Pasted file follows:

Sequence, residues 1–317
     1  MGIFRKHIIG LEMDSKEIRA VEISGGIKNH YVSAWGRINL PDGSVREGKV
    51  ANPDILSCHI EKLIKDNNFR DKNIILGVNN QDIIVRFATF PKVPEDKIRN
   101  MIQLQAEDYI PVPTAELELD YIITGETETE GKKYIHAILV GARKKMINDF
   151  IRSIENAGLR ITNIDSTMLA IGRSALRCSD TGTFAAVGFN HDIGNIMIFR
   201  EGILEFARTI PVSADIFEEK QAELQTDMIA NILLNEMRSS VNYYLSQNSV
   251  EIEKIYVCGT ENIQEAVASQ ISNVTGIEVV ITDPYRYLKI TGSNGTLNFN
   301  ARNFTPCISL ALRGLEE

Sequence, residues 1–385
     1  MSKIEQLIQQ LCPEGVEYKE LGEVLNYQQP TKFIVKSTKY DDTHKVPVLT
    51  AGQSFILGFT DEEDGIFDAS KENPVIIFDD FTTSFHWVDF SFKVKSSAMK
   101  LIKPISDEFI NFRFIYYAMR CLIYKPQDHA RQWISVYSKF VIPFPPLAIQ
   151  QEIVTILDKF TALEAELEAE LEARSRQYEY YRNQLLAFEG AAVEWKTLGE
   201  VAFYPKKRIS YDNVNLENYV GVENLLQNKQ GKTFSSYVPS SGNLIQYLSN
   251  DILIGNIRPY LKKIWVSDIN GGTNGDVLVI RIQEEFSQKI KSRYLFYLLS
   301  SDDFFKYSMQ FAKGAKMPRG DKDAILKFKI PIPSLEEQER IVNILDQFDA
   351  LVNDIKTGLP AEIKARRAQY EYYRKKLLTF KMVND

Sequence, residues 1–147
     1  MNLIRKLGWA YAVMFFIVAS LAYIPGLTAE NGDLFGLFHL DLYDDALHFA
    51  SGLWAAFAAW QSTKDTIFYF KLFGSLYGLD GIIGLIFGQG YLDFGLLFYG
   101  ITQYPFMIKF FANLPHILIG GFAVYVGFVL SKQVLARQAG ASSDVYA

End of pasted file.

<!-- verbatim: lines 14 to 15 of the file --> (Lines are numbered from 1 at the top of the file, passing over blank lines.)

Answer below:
   201  VAFYPKKRIS YDNVNLENYV GVENLLQNKQ GKTFSSYVPS SGNLIQYLSN
   251  DILIGNIRPY LKKIWVSDIN GGTNGDVLVI RIQEEFSQKI KSRYLFYLLS